Fog Sculptor Makes First NYC Public Appearance at Japan Society, 5/13
According to Glass House Director Henry Urbach, Philip Johnson's iconic masterpiece offers "the dream of transparency, an architecture that vanishes." Beginning in May, this "vanishing architecture" will itself disappear every hour on the hour under an ephemeral atmospheric veil conjured by renowned artist Fujiko Nakaya.
For Glass House's 65th anniversary, Urbach commissioned a site-specific installation from Nakaya, known for her pioneering use of fog as a sculptural medium and for being the first artist ever to create a sculptural fog environment. Fujiko Nakaya: Veil, her first major East Coast installation and on view through November 30, creates a "continuous interplay between what is visible and what is not... evoking a sense of mystery, foreboding and wonder," according to the artist.
On Tuesday May 13, at 6:30 pm, Nakaya makes her first-ever New York City public presentation on her collective fog works at Japan Society in Into the Fog with Fujiko Nakaya. She will discuss the Glass House Veil installation, as well as her fascination with and motivations for exploring an everyday weather phenomenon in her body of work, which includes fog gardens, falls, geysers and enshrouding the Pepsi Pavilion at the 1970 World Exposition in Osaka.
Urbach discusses the dynamic and participatory aspect of this anti-architectural medium, which transforms, distorts, and conceals its surroundings. Glass House represents a "balance of opposites," he says. "With Nakaya's temporary installation, we carry this sensibility to its endpoint while allowing the unique magic of the Glass House ... to return again and again as the fog rises and falls."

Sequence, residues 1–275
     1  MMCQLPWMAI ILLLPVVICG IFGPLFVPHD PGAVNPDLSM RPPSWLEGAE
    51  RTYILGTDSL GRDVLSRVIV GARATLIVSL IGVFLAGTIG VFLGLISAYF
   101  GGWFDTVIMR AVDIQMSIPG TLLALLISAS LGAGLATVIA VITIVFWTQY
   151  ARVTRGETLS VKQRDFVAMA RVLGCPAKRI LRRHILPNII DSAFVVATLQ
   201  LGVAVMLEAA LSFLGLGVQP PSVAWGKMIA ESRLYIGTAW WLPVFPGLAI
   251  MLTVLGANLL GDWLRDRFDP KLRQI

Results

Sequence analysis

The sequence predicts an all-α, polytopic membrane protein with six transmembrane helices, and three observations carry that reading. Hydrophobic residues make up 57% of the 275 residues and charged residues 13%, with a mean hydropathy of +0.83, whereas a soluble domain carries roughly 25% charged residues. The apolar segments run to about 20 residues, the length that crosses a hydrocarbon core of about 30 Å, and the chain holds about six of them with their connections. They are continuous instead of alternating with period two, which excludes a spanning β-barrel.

The installation is as much about revealing as it is about concealing, says Nakaya. "Fog responds constantly to its own surrounding... [it] makes visible things become invisible and invisible things - like wind - become visible." Moderated by Experiments in Art and Technology's Julie Martin, the talk will feature video and visuals of Nakaya's work.
According to the Guggenheim Bilbao, which presented Nakaya's Fog Sculpture #08025 (F.O.G.) in 1998, "Fujiko Nakaya is the first artist to have worked with fog as a sculptural medium. This is not to say that she molds the medium according to her own conception; rather, her approach is a subtle collaboration with water, atmosphere, air currents, and time itself. Experiential and ephemeral in nature, her fog sculptures have certain affinities with Conceptual and Land art, but nevertheless represent a radical departure in the history of art and technology."
Fujiko Nakaya was born in Sapporo, Japan in 1933. Her father, Ukichiro Nakaya, a physicist credited with making the first artificial snowflakes, had an impact on her work and, as a young art student, she became interested in working with cloud-like forms. In 1970, at the World Expo in Osaka, Japan, Nakaya created the world's first fog sculpture when she enveloped the Pepsi Pavilion in a vaporous mist, in collaboration with the legendary artist collaborative Experiments in Art and Technology (E.A.T.). Nakaya has created fog installations around the world, including projects for the Guggenheim Museum, Bilbao; the Grand Palais, Paris; the Australian National Gallery, Canberra; and the Exploratorium, San Francisco, among others. She consulted with architects Diller Scofidio + Renfro on the Blur Building for the 2002 Swiss Expo, and has worked with numerous artists (including Trisha Brown, David Tudor, and Bill Viola) on environments for music and performance. In addition to being Nakaya's first large-scale installation on the East Coast of the U.S., Fujiko Nakaya: Veil marks the first time her work has been presented at an internationally renowned historic site.